Tue 1st – Sat 5th November 2011


Gabrielle Schwarz

at 09:14 on 2nd Nov 2011



As the lights went down on 'Quake' for the last of many times, there was no doubt that this time the fascinating collage of fragments of different forms, voices and memories had come to a close. Although at first shaky in establishing its own as well as the individual identities, by the end, the disparate parts had united and culminated in a moving portrayal of one young woman’s story.

Often, pieces that choose events from the often explosive history of the Arab-Israeli conflict as their subject are at danger of simply joining into the blame-game of one or another involved party. However, placing a character normally at the fringes of cultural consciousness, the young Armenian woman Anoush, at the centre of events, Quake becomes instead something far more involving and moving. As we follow the story of her life and loves, potentially politicised moments dissolve into humour and pathos. When Anoush’s British fiancé, for example, clumps all the ‘local girls’ into the same category of dull and uninteresting, we do get a sense of the unsettling and uneasy atmosphere of the setting; however, ultimately, we are not invited to blame the British, as the man who voices these words is in every other way so charmingly polite and concerned about understanding Anoush’s family’s customs, as well as laugh-out-loud funny. In fact, this role is one of the play’s most consistently strong performances. Combining him with the central character of Anoush, whose climactic sequence of visions at the play’s climax truly binds the audience to her in deep empathy, it seems that more than anything, we are simply being presented with a love-story, albeit a highly complex one.

At times, the complexity of this narrative can make the play feel a little too fragmented into a collection of strong and weaker moments. There are aspects that jar, such as the shared narrating sequences; these moments were hindered by a sense that the fragments of speech do not appear to connect, especially when the lines were often accidentally spoken a moment out of time, so that these scene-setting narrations were rendered meaningless and distracting. The overall effect though, when the fragmentation did work, was outstanding. The combination of film projections and musical accompaniments drawing on different time periods and cultures, overlayed with the ambiguous dreams or visions, seemed to create a thought-provoking comment on the way in which the bomb seems to have both literally and emotionally broken apart lives, not just in the moment of the explosion, but by sending ripples through the rest of history. The execution of the physical theatre used particularly stood out; the choreography used to recreate the scene of Anoush being trapped in the basement was beautifully effective; the frozen actors and lighting pinning her down vividly conveyed a claustrophobic entrapment to the audience.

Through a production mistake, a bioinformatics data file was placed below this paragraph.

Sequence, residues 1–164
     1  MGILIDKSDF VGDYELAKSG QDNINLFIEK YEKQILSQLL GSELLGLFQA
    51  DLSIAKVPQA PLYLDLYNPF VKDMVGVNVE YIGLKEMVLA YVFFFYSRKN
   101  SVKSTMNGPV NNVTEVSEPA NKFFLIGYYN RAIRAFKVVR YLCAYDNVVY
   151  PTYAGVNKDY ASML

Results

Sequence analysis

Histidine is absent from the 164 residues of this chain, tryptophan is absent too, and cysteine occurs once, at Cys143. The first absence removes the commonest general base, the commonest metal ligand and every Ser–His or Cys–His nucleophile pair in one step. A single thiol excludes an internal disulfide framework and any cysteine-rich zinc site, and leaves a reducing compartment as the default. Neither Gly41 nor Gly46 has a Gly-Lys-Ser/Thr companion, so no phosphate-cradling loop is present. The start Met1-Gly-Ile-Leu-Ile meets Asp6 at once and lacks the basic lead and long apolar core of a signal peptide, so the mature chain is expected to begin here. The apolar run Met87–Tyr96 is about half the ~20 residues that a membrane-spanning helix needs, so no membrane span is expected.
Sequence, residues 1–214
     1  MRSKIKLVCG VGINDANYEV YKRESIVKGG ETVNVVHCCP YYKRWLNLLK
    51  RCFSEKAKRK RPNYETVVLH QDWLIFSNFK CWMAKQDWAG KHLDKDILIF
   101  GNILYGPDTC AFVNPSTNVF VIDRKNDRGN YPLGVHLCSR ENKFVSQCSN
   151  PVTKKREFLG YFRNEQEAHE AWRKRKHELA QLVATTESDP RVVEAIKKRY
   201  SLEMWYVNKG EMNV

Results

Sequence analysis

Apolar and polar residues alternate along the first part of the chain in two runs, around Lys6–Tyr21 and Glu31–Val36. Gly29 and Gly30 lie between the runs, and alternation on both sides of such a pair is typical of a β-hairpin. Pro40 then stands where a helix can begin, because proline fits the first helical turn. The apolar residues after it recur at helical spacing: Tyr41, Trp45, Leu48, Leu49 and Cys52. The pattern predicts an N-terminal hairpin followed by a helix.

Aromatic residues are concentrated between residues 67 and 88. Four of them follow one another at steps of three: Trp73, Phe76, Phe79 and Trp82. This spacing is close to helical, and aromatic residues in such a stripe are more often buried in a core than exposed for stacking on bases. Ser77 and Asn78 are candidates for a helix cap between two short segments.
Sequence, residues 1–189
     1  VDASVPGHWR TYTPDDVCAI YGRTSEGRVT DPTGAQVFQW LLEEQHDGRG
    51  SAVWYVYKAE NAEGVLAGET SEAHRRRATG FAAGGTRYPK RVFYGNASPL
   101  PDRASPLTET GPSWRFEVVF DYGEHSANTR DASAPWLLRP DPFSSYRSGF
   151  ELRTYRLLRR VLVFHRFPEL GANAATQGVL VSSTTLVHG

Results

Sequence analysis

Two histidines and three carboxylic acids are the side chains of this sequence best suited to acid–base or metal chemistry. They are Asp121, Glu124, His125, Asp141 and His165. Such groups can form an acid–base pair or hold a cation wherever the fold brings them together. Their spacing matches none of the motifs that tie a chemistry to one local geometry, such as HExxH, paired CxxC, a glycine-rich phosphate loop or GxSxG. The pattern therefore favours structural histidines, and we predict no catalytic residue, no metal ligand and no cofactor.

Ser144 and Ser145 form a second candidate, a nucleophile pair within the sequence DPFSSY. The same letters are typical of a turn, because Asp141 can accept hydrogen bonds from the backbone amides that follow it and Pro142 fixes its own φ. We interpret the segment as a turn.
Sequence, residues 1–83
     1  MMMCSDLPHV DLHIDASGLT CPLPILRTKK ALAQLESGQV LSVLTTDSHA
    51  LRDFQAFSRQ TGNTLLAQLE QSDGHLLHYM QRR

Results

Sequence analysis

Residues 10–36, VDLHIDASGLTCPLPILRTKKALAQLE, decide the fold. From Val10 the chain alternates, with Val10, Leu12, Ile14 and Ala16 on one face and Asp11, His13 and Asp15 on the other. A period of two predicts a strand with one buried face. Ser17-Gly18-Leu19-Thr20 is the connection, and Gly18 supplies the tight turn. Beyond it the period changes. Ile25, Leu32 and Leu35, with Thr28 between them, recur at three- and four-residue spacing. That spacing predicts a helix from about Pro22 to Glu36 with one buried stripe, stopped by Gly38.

Watching the play unfold, at times the seemingly random sequence of elements seemed a little ambitious, particularly as various technical problems interrupted proceedings. Yet, the show's magic lay in its recoveries from these moments, and the fact that the pathos created for Anoush’s story as the play progressed meant that any technically or artistically faulty moments were quickly forgotten, as the audience remained rooted in the rapid and grippingly unfolding action.


Lucie Elven

at 20:23 on 2nd Nov 2011



Everyone who saw Catastrophes last term left talking about Docksey, who put on an extract of Quake, based on her grandmother’s experience of the bombing of the King David Hotel.

Jerusalem, martialled by British troups, is home to a family of three girls. Tradition is everywhere, symbolised by the three generations of family, tea, Tarof, herbs, the BBC world service, and George Michael’s perennial festive admonishment ( http://www.youtube.com/watch?v=60obcSGXAHQ ), which sneaks in wherever it can. The detail creates a surface for the titular quake to disturb.

The moments of most power were those where the city was represented. Anoush's (Lydia Morris-Jones) prayer, performed by the chorus in English and Arabic and on the drum (Lawrence Dunn), was brilliant; the soundscapes of hotel life were dexterously written. There were lines of fantastic irony – when Anoush asks Ernest ‘Have they been torturing you?’, in creeps the outside world.

But though I didn’t want to compare the girls to Little Women, the opening scenes were like Little Women anyway, because these Armenian Christians had been translated for the stage into the type of lady who says ‘bumble’. Two of three sisters are played by the most English of roses (LMJ and Emma Powell), and to indicate a previous generation, the extended family switched to expert but inexplicable Lancashire accents. It seemed a shame to thus confound the audience’s sense of the position the family occupies in a divided city, otherwise made rich by the father/brother’s frustration with the earnest English soldier who repeatedly asks for Anoush’s hand in marriage (Hugh Wyld), and the light but pervasive piss-taking of Jews and Arabs.

The few technical slip-ups and the crossing of lines I shall put down to first night nerves, as I shall the too-long gap between scenes – correcting this detail would give a beautifully structured play much more impact. Individually, the actors were reliable and grew in self-assurance over the performance to make more of their characters and take the characterisation beyond what they knew of Docksey family history, though this was still an issue last night.

Nevertheless, new writing in Cambridge is rare. Quake is informed, well-made, and got laughs throughout – go.


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